© 2024 WYSO
Our Community. Our Nation. Our World.
Play Live Radio
Next Up:
0:00 0:00
Available On Air Stations

'Nothing About Us, Without Us' - new Fort Recovery exhibit explores historic battle from Native perspectives

 The exhibit St. Clair’s Defeat Revisited: A New View of The Conflict debuted on the 232nd anniversary of the historic battle.
Adriana Martinez-Smiley
The exhibit St. Clair’s Defeat Revisited: A New View of The Conflict debuted on the 232nd anniversary of the historic battle.

On November 4, 1791 – approximately 232 years ago – the most successful defeat of the U.S. military by Native American troops took place in Fort Recovery, Ohio. Known as St. Clair’s Defeat, nine tribal nations in the Northwest Territory banded together to defend their land. Through their notorious crescent formation, the Native troops were able to take down 650 soldiers.

Fast forward to the present, historical accounts of this battle from the tribal nations involved are slim to none.

A new exhibit at the Fort Recovery Museum, called “St. Clair’s Defeat Revisited: A New View of the Conflict” attempts to contextualize the extended effects of this battle, and reveals where the tribal nations involved are today.

Unexplored perspectives

Diane Hunter, Heritage Preservation Specialist for the Miami Tribe of Oklahoma, said the brilliant strategy of the Indigenous military leaders such as Little Turtle and Blue Jacket wasn’t recognized, and that American propaganda skewed tribal perception of the victory.

“In newspapers, they talked about the ‘wild Indian savages’ and called us bloodhounds,” said Hunter, who is also a citizen of the Miami nation. “On the other hand, there were the gallant American officers, brave, youthful soldiers who fell gloriously fighting for their country. That's what was put out about that battle.”

Even people local to the area have little knowledge of the military events that took place here.

New Bremen resident Bob McDaniel who viewed the exhibit said it offered additional understanding to Ohio’s history that he’d never been exposed to.

“Growing up around here, we hear the American side of things,” McDaniel said. “To hear firsthand that perspective on how that affected their society, not just back in that time, but how it continues to affect them—it was a sobering account of what they still continue to deal with today.

How the exhibit came to be

Planning for the exhibit started back in 2016, at a 90 minute meeting organized between 11 scholars from ten tribal nations and faculty from the Applied Anthropology Labs at Ball State University.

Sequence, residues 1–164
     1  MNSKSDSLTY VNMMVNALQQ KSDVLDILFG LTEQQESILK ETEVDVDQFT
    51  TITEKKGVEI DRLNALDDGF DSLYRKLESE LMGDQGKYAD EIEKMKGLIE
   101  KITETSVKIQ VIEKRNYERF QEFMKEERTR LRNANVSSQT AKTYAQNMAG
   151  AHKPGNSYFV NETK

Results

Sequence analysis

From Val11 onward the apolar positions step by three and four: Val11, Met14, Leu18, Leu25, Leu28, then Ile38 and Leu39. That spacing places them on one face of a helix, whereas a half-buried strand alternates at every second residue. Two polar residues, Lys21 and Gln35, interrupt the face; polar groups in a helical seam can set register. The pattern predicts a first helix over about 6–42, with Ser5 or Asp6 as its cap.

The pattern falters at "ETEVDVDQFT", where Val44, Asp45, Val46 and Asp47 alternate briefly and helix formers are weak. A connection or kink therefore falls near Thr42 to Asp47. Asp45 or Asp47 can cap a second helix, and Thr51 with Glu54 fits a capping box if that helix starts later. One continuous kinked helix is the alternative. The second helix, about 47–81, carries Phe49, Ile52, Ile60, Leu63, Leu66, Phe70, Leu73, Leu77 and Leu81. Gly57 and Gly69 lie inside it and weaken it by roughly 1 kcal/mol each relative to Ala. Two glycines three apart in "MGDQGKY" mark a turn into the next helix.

Initially the meeting was for Ball State staff to present the results of an archaeological survey the department conducted at Fort Recovery.

But as the meeting proceeded, each of the 11 scholars shared out on the erasure of their culture through broken treaties, separation from their homelands and admittance to boarding schools that contributed to their lack of knowledge of the battle.

Director of Applied Anthropology at Ball State, Kevin Nolan, said this meeting made the exhibit what it is today.

“All of the stuff we brought and prepared was useless, and it should be useless,” Nolan said. “What we [had] learned, what we just went through, that's what everybody needs to know.”

At this meeting is also where they decided the exhibit should be divided into four sections – going over the background, battle, aftermath and persistence of the tribes today. However, it took another seven years and multiple day-long meetings, interviews and forms of correspondence to reach its current arrangement.

Diane Hunter, speaking, one of 11 tribal scholars involved in creating the exhibit.
Adriana Martinez-Smiley
Diane Hunter, speaking, is one of the 11 tribal scholars involved in creating the exhibit.

To kick off the exhibit opening, two tribal scholars also gave talks titled “Nothing About Us, Without Us” this weekend to discuss the tribal collaboration and planning process.

Hunter, who was one of the speakers, said it was most important to the tribal representatives involved that the recovery of culture for these nations is portrayed in the exhibit.

“We needed to show that we are a persistent people. We needed to show who we are today. We are revitalizing. We are surviving. We are thriving. And we are still here.”

The exhibit will be available to view at the Fort Recovery Museum on select dates until January 7.

Adriana Martinez-Smiley (she/they) is the Environment and Indigenous Affairs Reporter for WYSO. They grew up in Hamilton, Ohio and graduated from Northwestern’s Medill School of Journalism in June 2023. Before joining WYSO, her work has been featured in NHPR, WBEZ and WTTW.

Email: amartinez-smiley@wyso.org
Cell phone: 937-342-2905